A typical wedding day
10am I like to start the day by arriving at wherever the bride is getting ready 2 hours before she leaves for the venue. I'll then introduce myself and then get on with photographing the dress, shoes and jewellery. I won't get in anyones way and I find it's really helpful to get to know some of the key people of the wedding. Once everyone is used to me being around I'll settle into the background and take candid photos on a long lens, you'll barely notice I'm there. This part of the day offers some of the best opportunities of the whole day.
The highlight of the preparations is the dressing of the bride, obviously I'm not going to intrude so I always ask for someone to give me a shout when the dress is on and I can then photograph the lacing up of the dress. There is always a lot of emotion at this point especially when dad sees her for the first time in the dress and this is great for pictures. At this point I head off to the venue to capture the groom pacing and greeting guests.
1pm Fortunately I know many of the registrars and vicars in Gloucestershire and they know that I'm very unobtrusive so they happily let me photograph the ceremony. I try to stand 10-15 metres behind the registrar/vicar and use a long lens to capture some moments during the ceremony, once again you'll probably won't notice me.
after the ceremony
1.30pm At this point you're going to want to meet you guests, so I will photograph you walking out down the aisle and then leave you alone and slip into reportage mode. After about 15 minutes I'll ask an Usher to help me round up the people needed for the family shots, we'll sort all of that out and once everyone is in place I'll ask you to join us. The traditional family group pictures comprise of; parents, siblings and wedding party and typically take about 20 minutes to shoot. It's always good fun and all the guests are expecting this so they is usually a crowd of them behind me. I often take some shots with their cameras for them.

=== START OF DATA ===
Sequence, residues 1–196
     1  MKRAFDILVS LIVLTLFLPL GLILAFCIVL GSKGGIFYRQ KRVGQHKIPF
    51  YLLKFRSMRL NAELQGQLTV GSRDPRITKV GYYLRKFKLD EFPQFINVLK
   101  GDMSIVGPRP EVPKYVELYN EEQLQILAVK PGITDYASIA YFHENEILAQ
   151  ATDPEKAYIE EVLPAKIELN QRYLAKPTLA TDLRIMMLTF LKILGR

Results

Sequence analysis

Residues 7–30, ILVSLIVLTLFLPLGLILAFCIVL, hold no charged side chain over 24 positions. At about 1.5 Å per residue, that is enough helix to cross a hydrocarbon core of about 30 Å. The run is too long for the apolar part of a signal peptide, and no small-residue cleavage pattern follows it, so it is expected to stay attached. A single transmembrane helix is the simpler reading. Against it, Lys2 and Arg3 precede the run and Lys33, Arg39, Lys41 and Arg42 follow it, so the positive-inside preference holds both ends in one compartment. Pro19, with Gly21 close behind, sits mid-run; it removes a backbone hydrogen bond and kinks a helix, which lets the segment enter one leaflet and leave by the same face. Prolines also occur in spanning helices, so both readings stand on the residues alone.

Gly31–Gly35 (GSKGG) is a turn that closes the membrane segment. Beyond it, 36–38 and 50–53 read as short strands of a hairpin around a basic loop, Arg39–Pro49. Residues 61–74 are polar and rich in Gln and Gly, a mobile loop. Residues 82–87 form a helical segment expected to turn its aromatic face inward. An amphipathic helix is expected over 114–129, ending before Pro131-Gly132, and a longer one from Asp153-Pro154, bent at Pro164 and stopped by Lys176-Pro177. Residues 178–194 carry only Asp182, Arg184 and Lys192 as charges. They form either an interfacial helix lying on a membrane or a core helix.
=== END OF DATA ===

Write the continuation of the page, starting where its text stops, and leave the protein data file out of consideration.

I'm very conscious that it's not my photoshoot, but your wedding so I don't hang about, I'll take you away from you guests in little 10 minute bursts.
When you're ready we can go off to somewhere photogenic and take pictures of just the two of you, 10 minutes later you'll be back and the guests won't have missed you.
4pm Some photographers pack up at this point and eat, but that would miss some truly great moments. This is the time that most guests have been looking forward to, the booze is flowing and there's new people to meet and old mates to catch up with. I am back in reportage mode now working with a long lens from the other side of the room catching the laughter between courses. I'll grab something to eat for 20 minutes when everyone is eating. The speeches are ace for pictures, but I realise it's sometimes a trial for the folk making them, so I won't add to the stress, I'll shoot from a distance at the back of the room.
6pm The speeches are over everyone is a bit tipsy, so this is a perfect time to get some great bridal party photos. I'll round up the people needed and we'll head outside and do some cooler, artier pictures, often we'll go out in a field at sunset or walk wizard of oz style down a lane somewhere. If the weather isn't great I can set up a little studio in the corner and do Photo Booth type portraits using a lovely old frame I have.
8pm I'll set up my lights for the first dance and carry on shooting until I'm happy I've got some nice shots of the guests dancing too.
And that's about it for me unless there are any other pictures that you want, I try to limit my day to 10 hours, but I won't be clock watching .